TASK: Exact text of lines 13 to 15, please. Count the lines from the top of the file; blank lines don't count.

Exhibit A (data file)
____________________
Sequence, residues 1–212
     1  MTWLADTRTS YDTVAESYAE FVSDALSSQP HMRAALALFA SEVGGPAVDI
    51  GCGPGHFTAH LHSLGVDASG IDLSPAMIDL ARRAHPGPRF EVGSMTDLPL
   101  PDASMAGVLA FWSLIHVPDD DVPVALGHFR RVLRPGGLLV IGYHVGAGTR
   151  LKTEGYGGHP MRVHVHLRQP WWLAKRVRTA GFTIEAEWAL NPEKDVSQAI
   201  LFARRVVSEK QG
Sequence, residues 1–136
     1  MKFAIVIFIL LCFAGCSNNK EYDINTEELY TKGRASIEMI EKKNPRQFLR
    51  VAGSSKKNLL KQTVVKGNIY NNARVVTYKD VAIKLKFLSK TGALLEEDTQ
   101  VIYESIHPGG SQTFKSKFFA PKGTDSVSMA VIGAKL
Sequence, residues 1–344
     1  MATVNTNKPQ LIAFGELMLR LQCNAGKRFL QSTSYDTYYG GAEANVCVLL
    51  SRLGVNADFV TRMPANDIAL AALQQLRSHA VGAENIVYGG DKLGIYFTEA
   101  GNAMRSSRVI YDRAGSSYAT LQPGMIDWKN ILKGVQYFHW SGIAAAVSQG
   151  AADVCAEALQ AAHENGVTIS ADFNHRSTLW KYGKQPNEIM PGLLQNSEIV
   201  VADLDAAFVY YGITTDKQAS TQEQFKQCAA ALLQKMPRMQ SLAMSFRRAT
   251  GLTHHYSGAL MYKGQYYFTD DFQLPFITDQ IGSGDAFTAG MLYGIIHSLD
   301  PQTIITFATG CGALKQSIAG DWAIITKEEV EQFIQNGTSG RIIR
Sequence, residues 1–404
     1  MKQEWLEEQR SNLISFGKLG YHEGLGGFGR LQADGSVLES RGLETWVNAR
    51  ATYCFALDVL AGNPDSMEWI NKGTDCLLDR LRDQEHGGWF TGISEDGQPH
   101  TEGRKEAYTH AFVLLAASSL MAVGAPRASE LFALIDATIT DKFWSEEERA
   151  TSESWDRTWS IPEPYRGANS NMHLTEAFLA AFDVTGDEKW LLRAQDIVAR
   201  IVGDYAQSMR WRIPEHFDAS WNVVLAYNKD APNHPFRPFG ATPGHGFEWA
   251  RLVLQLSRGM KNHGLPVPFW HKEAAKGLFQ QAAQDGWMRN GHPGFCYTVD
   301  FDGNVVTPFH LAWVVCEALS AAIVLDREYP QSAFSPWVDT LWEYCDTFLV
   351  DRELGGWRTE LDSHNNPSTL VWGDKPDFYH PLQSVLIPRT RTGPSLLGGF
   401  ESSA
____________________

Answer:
    51  SRLGVNADFV TRMPANDIAL AALQQLRSHA VGAENIVYGG DKLGIYFTEA
   101  GNAMRSSRVI YDRAGSSYAT LQPGMIDWKN ILKGVQYFHW SGIAAAVSQG
   151  AADVCAEALQ AAHENGVTIS ADFNHRSTLW KYGKQPNEIM PGLLQNSEIV